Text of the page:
This was one of my favorite peer-reviewed articles that came out of my dissertation work. Plus, Don, my advisor and coauthor, absolutely loved the first part of the title (full credit to him!). In this research, we investigated egg-laying in Pieris virginiensis, the West Virginia White butterfly through a combination of field observation and lab oviposition experiments. We even tracked our lab-raised caterpillars' success via feeding assays. In essence, this article told the whole observatory story about these butterflies and their mismatched egg-laying preferences on an invasive species instead of their usual native host.
Work like this is critical in light of climate change. As invasive species continue to push forward into new habitats, they may drastically shift ecological relationships between other existing species. If native species are suddenly exposed to something bigger and flashier, they may start making the wrong choice. Sometimes it can result in success, but in the case of P. virginiensis, we never had a single caterpillar survive on the invasive garlic mustard. That's some strong evolutionary pressure, right there!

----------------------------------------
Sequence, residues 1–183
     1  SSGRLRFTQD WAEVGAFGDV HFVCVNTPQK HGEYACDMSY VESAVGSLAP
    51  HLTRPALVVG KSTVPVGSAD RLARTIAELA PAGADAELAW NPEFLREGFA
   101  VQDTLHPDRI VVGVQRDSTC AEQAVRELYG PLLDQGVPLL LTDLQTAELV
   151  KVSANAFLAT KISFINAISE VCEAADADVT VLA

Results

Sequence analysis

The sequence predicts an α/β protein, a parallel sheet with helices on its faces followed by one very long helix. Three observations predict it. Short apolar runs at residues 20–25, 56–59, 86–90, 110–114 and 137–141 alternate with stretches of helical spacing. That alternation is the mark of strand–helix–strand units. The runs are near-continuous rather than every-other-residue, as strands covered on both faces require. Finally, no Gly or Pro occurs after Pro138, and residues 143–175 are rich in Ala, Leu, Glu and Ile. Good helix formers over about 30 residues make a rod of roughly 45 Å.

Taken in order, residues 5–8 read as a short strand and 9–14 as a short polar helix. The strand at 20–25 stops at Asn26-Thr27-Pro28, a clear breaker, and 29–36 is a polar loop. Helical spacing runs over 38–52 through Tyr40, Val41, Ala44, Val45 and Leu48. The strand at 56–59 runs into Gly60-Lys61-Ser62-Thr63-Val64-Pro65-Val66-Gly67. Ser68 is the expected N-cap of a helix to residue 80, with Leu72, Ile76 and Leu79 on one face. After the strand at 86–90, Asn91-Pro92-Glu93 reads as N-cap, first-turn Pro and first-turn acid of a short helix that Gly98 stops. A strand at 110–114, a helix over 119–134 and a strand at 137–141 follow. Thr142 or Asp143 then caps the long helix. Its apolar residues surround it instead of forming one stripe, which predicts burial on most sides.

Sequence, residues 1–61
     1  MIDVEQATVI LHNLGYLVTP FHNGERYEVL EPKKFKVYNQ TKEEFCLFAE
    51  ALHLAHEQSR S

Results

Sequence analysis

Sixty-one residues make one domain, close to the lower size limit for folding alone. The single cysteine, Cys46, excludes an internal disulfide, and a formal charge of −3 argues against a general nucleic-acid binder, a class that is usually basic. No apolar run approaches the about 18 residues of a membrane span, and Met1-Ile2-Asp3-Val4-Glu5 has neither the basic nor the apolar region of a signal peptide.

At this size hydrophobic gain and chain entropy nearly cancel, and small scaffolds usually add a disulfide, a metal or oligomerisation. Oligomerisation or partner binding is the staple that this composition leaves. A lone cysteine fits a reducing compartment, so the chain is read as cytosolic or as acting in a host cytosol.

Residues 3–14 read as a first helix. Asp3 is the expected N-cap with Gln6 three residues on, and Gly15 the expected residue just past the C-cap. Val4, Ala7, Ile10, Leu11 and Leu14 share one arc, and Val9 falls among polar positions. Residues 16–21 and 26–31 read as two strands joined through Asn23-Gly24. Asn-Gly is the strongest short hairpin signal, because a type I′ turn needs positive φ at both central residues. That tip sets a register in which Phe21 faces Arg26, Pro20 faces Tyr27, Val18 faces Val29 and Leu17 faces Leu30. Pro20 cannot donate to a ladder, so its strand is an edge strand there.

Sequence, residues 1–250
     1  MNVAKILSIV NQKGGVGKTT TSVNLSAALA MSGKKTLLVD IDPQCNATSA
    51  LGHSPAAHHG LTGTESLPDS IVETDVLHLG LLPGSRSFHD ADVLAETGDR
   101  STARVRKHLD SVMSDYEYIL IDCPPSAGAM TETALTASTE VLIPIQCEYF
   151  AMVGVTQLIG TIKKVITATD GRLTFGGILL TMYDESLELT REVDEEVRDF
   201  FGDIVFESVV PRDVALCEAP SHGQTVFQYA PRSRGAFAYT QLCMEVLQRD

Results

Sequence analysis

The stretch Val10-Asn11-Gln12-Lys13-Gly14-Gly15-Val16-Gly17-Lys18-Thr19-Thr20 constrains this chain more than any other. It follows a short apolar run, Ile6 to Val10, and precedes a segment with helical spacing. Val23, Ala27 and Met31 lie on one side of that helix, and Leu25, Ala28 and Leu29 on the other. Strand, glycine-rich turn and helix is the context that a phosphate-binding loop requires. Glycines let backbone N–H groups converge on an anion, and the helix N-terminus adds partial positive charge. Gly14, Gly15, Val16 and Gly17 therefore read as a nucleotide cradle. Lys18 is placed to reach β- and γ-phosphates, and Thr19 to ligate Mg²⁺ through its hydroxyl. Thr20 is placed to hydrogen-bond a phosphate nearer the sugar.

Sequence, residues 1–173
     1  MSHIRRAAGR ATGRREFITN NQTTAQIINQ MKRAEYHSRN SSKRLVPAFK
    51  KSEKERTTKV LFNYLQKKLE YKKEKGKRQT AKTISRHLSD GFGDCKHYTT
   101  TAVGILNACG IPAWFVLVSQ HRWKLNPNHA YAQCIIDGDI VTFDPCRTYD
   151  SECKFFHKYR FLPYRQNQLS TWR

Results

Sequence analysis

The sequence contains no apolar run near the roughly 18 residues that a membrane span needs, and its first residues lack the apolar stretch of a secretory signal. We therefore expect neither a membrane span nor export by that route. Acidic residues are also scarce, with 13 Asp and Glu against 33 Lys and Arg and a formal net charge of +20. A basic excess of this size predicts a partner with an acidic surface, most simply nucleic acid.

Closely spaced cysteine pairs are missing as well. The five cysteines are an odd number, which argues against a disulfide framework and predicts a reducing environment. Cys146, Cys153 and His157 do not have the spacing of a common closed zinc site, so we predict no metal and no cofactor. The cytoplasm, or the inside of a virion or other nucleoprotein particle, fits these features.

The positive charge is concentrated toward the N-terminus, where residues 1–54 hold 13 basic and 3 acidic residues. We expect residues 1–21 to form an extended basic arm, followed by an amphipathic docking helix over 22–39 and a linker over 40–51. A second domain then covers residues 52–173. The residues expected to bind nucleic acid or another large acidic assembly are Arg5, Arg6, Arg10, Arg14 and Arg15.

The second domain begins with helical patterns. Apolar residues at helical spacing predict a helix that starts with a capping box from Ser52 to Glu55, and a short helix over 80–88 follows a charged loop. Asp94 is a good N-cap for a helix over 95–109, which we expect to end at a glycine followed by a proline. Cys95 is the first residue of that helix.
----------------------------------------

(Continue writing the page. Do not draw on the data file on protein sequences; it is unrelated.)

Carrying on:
Alliaria petiolata is a European biennial herb that invades North American forests and has direct negative effects on associated flora and fauna. In some places, A. petiolata has invaded the habitat of Pieris virginiensis, a rare, univoltine butterfly that normally uses native spring ephemeral crucifer hosts. There are occasional observations of P. virginiensis laying eggs on A. petiolata, but the frequency and effects of these “mistake oviposition events” are not yet known.
We investigated P. virginiensis oviposition preference through field observations in three locations (NY, OH, PA), and also through laboratory experiments measuring egg deposition of adult females on either a native or invasive crucifer. In addition, we examined neonate larval performance through no-choice feeding assays on both A. petiolata leaves and cabbage leaves painted with A. petiolata leaf extracts.
We found that P. virginiensis lays significantly more eggs on the exotic A. petiolata than on its native host Cardamine diphylla in both field and laboratory experiments. Caterpillars fed either A. petiolata leaf tissue or its ethanol extract did not survive to pupation, and most died after only a few days. Continual invasion and persistence of in P. virginiensis habitats may lead to genetic bottlenecking and possibly local extinctions without human intervention.